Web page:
The guide turned her head my direction and asked: “Want to off-road?”
“Sure,” I replied. After all, I had 15 minutes of experience on the Segway. For a person of my skills, that was more than enough to navigate the soft, lumpy trails of Bill Baggs Cape Florida State Park on the southern end of Key Biscayne.
We leaned ever so slightly to the right on our Segways and hit the trails toward the Cape Florida lighthouse and No Name Harrbor and then along the concrete seawall that serves as a walking and biking avenue for the thousands of yearly visitors who venture over the Rickenbacker Causeway from Miami. Along the trails we encountered various species of butterflies and floral as well several sizes (mostly large) of iguana that have invaded South Florida the past several years. The igureana are especially prevalant at the Crandon Golf Course between the ninth green and 10th tee box but can be seen almost anywhere on the key and as far north as Palm Beach County 125 miles to the north.
As we glided along the seawall, to our left and several hundred yards out in the bay we saw Stiltsville, a series of small houses built on stilts in the shallow waters of Biscayne National Park and accessible only by boat or other form of water craft.
A right turn took us back to the state park’s entrance and a return trip along Crandon Blvd. Staying in the bicycle lanes but testing the top speed of our Segway x2 Adventures we arrived back to our home base of the Ritz-Carlton, Key Biscayne, a 13-story beachfront resort that over the past 10 years has become the prime playground destination on Key Biscayne as well one of the more successful properties in the Ritz-Carlton portfolio.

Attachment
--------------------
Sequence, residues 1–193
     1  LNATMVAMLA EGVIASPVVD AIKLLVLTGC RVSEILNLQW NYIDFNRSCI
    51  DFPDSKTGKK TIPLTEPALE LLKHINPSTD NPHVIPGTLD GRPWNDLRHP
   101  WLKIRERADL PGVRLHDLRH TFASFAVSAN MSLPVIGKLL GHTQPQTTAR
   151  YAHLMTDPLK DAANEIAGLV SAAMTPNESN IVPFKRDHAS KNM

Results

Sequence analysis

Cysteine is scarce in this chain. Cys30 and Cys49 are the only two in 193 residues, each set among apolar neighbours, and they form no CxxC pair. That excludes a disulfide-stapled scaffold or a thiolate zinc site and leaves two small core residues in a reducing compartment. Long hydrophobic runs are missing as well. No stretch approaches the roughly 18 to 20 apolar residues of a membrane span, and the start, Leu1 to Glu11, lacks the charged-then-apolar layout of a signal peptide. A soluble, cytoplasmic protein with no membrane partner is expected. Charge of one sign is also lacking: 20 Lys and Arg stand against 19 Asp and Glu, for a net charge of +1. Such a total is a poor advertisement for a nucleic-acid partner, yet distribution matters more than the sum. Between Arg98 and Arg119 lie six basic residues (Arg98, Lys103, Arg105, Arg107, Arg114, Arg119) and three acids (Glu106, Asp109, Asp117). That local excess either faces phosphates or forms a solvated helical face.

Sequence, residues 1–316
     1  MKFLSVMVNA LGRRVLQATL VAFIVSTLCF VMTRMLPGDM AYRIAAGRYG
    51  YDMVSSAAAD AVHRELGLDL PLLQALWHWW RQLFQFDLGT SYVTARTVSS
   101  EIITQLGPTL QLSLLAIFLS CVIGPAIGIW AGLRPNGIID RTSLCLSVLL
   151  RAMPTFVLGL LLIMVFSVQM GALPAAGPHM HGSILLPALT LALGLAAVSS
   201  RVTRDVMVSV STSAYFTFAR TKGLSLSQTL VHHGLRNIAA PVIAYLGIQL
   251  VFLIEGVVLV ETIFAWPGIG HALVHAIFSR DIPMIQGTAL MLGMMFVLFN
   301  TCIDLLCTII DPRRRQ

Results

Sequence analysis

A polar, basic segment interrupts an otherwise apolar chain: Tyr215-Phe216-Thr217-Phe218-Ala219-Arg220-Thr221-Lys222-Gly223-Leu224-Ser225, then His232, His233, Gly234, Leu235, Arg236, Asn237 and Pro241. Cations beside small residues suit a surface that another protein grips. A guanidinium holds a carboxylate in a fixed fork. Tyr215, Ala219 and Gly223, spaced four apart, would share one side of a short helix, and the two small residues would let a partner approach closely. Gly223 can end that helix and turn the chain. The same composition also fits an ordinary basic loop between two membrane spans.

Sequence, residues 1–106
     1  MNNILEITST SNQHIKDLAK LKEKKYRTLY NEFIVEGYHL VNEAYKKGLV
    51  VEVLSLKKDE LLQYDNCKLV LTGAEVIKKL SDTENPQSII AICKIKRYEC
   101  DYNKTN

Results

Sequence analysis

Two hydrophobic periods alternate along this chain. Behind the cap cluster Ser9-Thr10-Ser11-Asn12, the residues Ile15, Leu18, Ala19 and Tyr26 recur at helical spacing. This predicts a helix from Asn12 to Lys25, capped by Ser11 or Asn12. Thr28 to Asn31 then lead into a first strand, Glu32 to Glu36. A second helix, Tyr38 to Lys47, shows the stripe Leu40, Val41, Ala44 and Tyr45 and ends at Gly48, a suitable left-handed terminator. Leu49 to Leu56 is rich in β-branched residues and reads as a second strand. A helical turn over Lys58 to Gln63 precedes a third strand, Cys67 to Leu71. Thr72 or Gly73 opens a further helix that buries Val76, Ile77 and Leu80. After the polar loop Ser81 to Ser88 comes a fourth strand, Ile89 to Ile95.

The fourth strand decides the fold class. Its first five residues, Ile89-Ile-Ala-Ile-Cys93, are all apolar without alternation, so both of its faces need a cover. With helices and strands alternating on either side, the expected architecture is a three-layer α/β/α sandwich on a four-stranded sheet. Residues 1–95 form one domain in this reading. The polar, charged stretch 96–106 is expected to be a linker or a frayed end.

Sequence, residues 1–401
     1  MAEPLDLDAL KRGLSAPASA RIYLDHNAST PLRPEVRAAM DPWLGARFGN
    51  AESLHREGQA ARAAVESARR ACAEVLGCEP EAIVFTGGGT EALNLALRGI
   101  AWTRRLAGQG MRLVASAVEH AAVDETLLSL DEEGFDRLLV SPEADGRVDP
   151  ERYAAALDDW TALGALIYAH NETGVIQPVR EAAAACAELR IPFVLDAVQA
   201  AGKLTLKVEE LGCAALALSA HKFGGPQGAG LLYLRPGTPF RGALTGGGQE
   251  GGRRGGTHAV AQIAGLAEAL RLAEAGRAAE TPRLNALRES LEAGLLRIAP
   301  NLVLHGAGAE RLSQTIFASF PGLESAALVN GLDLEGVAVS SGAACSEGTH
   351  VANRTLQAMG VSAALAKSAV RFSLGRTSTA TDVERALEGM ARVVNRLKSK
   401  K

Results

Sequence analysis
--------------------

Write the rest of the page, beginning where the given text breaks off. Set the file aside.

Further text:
“Everything feels very natural here,” said Chris Cawley, the resort’s director of sales and marketing. “It’s all very lush and tropical.”
The Segway excursion is just one of several activities offered by the 450-room Ritz-Carlton, Key Biscayne. The resort, which features a 20,000 square-foot spa, sits on 1,200 feet of beach, meaning water sports abound, including wave runners, wind surfing, snorkeling, private boat tours, eco-tours, deep sea fishing and biking. The resort also two great pool areas – one for adults and one dedicated to families. Guests travel easily between the two pools with the resort building serving as a beacon of The Dune Oceanfront Burger Lounge is a favorite of the guests’ at the family pool (try the Kobe sliders), which is surrounded by sofas, tables, and VIP cabanas.
Near the adult pool is Cantina Beach, Miami’s only Coast Mexican-inspired restaurant that features terrific guacamole and the Chef de Cuisine’s signature Pork Carnitas taken from a 150-year-old family recipe. Cantina Beach, by the way, is home to the country’s only “Tequilier,” who acts as a sommelier to the tequila set. The Tequilier gives guests advice on best-tasting practices and offers recommendations from Cantina Beach’s more-than 85 kinds of tequila.
If rum is more your style, the resort’s Rumbar offers 52 kinds of rums, cachacas and piscos from 18 countries. The Rumbar is decorated to resemble an old Havana bar and lounge and with its leather furnishing and overhead fans -not to mention assortment of cigars – is a favorite late-evening gathering place. Be sure to check out the VIP Rum Lockers, one of which belongs to actor and Miami native Andy Garcia, who helped open the Runstembar a few years ago.
Across from the Rumbar is Cioppino, one of the best restaurants in all of South Florida. Ciopino features terrific Tuscan cuisine with ingredients flown in from Italy. If you’re there at the right time, don’t miss the Moonrise dinner held during fool-moon evenings. The Moonrise dinner features a four-course meal, Italian wine, table-top telescopes and a constellation concierge to point out stars.
There’s no better way to see the heavens and a perfect way to end a day that began on a Segway.